What are film libraries worth these days?
Who really wants MGM, and what are they willing to pay for it? Six years ago, the Sony-led consortium that bought the Lion overpaid for a library that had already been mined exhaustively. Not that many people were willing to admit it at the time.
Now that the DVD bubble has burst, however, people are taking a closer look at the troubled asset. Drowning in $3.7 billion debt, it is unlikely to draw anywhere near $5 billion it last commanded.
The next round of bids are due tomorrow, with Time Warner apparently still in the hunt. Relativity Media’s hedge fund backer Elliott Associates is apparently out, though it’s not clear to me how interested it was in the buy.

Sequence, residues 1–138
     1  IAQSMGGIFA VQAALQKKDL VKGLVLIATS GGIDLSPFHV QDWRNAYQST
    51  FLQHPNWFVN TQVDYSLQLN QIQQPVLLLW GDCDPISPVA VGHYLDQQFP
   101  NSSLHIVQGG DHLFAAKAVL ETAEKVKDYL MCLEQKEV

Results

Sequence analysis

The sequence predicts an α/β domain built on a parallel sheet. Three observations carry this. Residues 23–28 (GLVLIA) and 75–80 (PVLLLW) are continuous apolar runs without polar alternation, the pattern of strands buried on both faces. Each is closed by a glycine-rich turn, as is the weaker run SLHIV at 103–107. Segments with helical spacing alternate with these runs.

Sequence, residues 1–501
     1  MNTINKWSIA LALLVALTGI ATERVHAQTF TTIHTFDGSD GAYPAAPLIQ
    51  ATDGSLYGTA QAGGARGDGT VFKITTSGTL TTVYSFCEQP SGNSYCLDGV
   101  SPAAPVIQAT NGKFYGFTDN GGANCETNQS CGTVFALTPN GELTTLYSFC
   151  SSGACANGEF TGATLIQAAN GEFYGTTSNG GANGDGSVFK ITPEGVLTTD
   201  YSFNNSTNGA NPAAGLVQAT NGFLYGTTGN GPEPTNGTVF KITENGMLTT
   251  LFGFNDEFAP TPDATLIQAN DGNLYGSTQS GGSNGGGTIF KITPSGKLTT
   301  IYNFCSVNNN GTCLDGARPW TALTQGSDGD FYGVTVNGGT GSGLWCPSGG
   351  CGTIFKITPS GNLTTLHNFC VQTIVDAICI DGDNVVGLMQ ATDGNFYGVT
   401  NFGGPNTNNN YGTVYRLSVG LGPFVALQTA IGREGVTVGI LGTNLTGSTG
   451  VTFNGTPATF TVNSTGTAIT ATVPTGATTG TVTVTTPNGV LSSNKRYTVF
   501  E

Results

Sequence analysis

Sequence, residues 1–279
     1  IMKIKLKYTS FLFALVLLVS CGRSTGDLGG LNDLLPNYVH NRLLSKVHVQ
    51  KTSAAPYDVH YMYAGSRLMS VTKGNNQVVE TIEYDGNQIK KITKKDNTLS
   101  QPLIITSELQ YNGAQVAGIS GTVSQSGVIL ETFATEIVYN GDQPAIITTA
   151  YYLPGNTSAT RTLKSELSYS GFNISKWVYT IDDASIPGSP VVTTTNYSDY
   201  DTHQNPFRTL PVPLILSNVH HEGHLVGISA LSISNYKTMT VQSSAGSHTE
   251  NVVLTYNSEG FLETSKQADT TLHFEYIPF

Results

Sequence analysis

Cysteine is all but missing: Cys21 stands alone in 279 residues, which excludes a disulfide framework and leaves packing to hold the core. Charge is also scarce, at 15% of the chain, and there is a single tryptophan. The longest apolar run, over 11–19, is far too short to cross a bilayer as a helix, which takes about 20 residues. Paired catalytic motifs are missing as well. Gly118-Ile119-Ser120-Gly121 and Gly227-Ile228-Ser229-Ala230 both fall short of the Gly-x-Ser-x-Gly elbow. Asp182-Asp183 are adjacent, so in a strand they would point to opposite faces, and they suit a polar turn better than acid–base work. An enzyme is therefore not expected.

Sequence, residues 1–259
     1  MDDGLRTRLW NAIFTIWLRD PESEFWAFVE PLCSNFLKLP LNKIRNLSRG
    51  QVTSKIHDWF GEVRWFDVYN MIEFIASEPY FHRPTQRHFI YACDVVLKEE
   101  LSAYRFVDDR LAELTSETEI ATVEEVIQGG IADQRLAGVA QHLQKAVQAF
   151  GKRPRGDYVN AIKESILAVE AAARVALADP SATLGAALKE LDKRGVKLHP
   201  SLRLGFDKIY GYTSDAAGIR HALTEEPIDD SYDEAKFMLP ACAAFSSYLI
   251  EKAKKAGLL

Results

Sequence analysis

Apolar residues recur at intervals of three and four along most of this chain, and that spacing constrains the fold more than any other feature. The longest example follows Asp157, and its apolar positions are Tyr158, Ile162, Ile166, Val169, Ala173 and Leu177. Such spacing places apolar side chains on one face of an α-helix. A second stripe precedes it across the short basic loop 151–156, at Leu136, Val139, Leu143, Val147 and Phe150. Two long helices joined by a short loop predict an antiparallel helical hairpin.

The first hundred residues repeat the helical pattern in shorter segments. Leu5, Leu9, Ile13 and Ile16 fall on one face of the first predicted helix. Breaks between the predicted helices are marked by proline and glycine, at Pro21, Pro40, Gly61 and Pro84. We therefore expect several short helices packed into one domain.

The bigger question is what film libraries are worth these days. The DVD glory days are over, with more people opting to rent rather than buy movies on disc. Video on demand is growing, but still very small.
Will VOD and other movie delivery technologies help make up for DVD declines? The future’s still unclear, the experts admitted at the Film Finance Forum earlier this month. But they also said that companies overreacted to the DVD decline, slashing valuations of individual film earnings too far.
Which leads me back to my original question: What, then, are film libraries worth?